New chemical sequencing reaction helps unravel the role of an ancient RNA modification

chemical structure of RNA

The upper right of the graphic depicts the chemical structure of the RNA modification, ac4C. The blue, yellow and orange objects from top left to bottom right depict cryo-EM structures of an extremophile ribosome, with sites at which ac4C increases at higher temperatures marked with circles.
Image credit: Aldema Sas-Chen, Weizmann Institute

Researchers have developed a novel chemical reaction that allows the quantitative mapping of an RNA modification across the evolutionary spectrum, from primitive microorganisms to humans, providing new insights into its potential role in cancer. These results, led by CCR and an international research team including the co-lead authors at the Weizmann Institute of Science, Rehovot, Israel, appeared June 17, 2020, in Nature.

The four bases that comprise RNA can be chemically modified in over 100 ways, allowing them to carry out many functions required for normal cell growth or, alternatively, cancer. One of the most ancient of these is N4-acetylcytidine (ac4C), an RNA modification found in almost all organisms on earth. Aberrant function of the human gene that produces ac4C, NAT10, has been implicated in cancer and premature aging syndromes. However, understanding the role of ac4C in cancer biology has been difficult due to a lack of methods to understand precisely where it occurs and to what extent any given RNA is modified.

This problem led Jordan L. Meier, Ph.D., Senior Investigator in the Chemical Biology Laboratory, and his team at CCR to develop a new chemical reaction that causes a specific signal to be generated at ac4C-containing sites. The high efficiency of the reaction results in quantitative conversion, allowing the scientists to identify the dominant sites of this modification in human cancer cell lines using RNA sequencing technology. To better understand not just where ac4C occurs but what it may be doing, they extended their chemical sequencing technique to a wide range of organisms, including those that grow at extreme temperatures. Here, their quantitative measurements found ac4C levels increase with temperature. “This suggests ac4C may increase the physical stability of RNA,” says Meier.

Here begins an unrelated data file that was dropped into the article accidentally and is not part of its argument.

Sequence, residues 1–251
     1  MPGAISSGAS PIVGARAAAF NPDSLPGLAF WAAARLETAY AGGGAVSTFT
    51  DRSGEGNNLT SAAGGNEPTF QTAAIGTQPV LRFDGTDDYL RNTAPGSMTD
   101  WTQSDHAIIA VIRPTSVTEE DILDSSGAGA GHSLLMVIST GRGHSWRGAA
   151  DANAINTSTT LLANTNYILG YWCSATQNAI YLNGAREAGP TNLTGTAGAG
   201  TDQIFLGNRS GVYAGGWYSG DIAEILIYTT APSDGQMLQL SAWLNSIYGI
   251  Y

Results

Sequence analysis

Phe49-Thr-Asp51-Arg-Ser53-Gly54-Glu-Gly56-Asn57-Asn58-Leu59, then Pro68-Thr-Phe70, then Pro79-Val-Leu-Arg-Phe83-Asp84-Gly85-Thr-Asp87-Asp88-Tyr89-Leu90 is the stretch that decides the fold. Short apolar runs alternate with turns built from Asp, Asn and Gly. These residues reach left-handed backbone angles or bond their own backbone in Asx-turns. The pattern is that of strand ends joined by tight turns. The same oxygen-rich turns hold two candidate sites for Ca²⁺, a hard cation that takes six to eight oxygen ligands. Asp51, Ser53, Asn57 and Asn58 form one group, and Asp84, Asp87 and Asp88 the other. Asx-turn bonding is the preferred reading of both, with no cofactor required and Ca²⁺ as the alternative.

In addition to informing biological studies of ac4C in cancer, the researchers believe their work may also have biotechnology applications. “We think the chemical insight that helped us sequence ac4C may have applications in studying other nucleic acid modifications as well,” notes Meier. Furthermore, RNA modifications are a key component of many messenger RNA vaccines that are in development for diseases such as cancer and the emerging viral pathogen SARS-CoV-2. “Understanding what RNA modifications do and how to manipulate them might allow us to improve the function of these therapeutic agents in the future,” concludes Meier.

Posted on Tue, 06/23/2020